Sheila also discusses her project Elevate Hope Foundation which focuses on music therapy for victims of child abuse, a noble and important program which continues to go from strength to strength. So if the last quarter of ‘The Beat Of My Drum’ reads more like a self-help book than a famous musician’s autobiography, we can surely cut her some slack. Highly recommended.

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New Wave Love Songs: Joni Mitchell’s Wild Things Run Fast

joni_mitchell-wild_things_run_fast(4)Geffen Records, released October 1982

8/10

As Joni reported to Q magazine in 1988, she entered the ’80s in a despondent state: ‘Everyone realised at the brink of the decade that it was going to be a hideous era…’ Apparently she attended a New Year’s Eve party at the house of singer/songwriter Stephen Bishop which had the ghastly theme ‘Be nice to the ’80s and the ’80s will be nice to you’. On the way to the shindig, her beloved ’69 Bluebird was stolen from outside Tower Records on Sunset Boulevard. It wasn’t a great start to the decade.

David Geffen and Joni, early '80s

David Geffen and Joni, early ’80s

There were other reasons to be worried. She was sued by her cleaning lady and found herself headhunted by old friend and media mogul David Geffen for his new label, though their relationship were never easy.

And then there was Reagan, Thatcher and a simmering Cold War. But Joni’s new songs avoided politics completely, though she’d make up for that big-time with 1985’s potent Dog Eat Dog. Instead, buoyed by her marriage to new bassist Larry Klein and beguiled by The Police and Talking Heads she was hearing on the radio, she produced possibly her most romantic, upbeat album to date.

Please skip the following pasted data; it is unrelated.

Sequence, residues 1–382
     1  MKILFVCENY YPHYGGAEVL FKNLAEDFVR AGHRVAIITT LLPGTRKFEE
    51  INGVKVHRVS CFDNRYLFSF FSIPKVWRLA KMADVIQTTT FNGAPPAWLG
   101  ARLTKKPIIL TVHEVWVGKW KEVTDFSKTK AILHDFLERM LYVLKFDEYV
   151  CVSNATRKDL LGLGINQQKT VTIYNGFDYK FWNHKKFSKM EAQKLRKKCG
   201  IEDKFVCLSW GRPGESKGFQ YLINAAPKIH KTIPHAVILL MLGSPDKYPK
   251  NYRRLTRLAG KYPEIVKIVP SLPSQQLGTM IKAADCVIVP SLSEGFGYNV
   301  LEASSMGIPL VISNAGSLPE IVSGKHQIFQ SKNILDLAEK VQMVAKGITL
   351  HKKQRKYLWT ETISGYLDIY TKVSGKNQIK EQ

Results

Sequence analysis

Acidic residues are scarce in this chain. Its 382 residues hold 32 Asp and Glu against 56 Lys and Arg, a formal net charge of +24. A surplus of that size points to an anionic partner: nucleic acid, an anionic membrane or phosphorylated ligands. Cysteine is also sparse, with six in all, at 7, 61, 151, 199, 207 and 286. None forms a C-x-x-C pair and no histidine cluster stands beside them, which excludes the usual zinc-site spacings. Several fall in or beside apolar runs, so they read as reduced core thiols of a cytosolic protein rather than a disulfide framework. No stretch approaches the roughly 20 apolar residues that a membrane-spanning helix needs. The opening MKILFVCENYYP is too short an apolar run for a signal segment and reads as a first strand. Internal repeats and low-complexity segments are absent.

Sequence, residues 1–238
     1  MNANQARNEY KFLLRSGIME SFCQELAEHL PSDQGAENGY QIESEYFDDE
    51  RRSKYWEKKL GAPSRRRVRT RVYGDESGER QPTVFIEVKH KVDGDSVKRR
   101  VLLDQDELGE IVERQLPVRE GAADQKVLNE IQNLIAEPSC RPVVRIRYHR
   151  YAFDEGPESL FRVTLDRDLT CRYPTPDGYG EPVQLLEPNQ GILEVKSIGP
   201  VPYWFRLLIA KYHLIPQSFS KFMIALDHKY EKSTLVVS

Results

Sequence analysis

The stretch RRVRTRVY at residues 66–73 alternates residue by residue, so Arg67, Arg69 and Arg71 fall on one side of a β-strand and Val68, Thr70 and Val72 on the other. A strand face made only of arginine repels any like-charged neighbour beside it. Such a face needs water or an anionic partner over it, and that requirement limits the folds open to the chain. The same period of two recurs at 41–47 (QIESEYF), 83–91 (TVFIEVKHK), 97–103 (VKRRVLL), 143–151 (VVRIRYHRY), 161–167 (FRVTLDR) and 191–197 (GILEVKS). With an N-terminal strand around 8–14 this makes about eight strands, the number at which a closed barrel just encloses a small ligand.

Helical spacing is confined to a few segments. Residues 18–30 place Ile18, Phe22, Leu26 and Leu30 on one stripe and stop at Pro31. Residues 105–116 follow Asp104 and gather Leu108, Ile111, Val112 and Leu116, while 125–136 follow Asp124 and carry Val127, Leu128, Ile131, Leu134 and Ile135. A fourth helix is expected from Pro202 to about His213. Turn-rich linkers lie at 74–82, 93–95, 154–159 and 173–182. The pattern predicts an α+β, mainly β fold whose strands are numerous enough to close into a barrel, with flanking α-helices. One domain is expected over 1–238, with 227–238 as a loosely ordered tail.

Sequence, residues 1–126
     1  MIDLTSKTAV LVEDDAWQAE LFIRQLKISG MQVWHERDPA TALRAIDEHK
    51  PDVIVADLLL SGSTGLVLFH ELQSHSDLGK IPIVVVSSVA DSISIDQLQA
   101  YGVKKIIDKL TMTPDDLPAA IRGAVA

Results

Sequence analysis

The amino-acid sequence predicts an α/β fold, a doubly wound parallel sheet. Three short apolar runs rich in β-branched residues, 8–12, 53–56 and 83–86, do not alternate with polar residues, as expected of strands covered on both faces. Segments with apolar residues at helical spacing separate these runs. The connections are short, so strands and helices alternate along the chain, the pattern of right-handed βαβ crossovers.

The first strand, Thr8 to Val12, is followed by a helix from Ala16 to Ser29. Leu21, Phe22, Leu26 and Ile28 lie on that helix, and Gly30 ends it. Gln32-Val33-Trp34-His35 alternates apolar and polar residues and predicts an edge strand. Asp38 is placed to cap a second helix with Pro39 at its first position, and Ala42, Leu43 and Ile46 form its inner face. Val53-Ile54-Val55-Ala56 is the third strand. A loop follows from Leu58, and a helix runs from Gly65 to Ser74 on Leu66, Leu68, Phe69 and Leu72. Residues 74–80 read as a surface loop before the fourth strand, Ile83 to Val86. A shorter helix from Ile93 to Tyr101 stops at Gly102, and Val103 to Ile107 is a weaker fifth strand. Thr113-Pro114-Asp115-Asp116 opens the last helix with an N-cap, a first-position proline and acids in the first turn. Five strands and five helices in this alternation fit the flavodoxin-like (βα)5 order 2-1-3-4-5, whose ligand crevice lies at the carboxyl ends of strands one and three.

The simplistic critical reaction to Wild Things Run Fast was that she had turned her back on the ‘jazz’ period which culminated in the 1979 masterpiece Mingus (and live album Shadows And Light). But while there are some concessions to hard rock, new wave and reggae, Wild Thing‘s best tracks are the ones that most closely resemble the shimmering, jazzy, almost psychedelic tracks of the mid-to-late-’70s.

Larry Klein and Joni, 21st November 1982

Larry Klein and Joni, 21st November 1982

Another clue was that many of her ’70s ‘repertory company’ were still in place at the dawn of the ’80s – singer James Taylor, percussionist Victor Feldman, drummer John Guerin, saxist Wayne Shorter and guitarist Larry Carlton. Her new recruits were guitarists Mike Landau and Steve Lukather, keyboardists Larry Williams and Russell Ferrante and drummer Vinnie Colaiuta.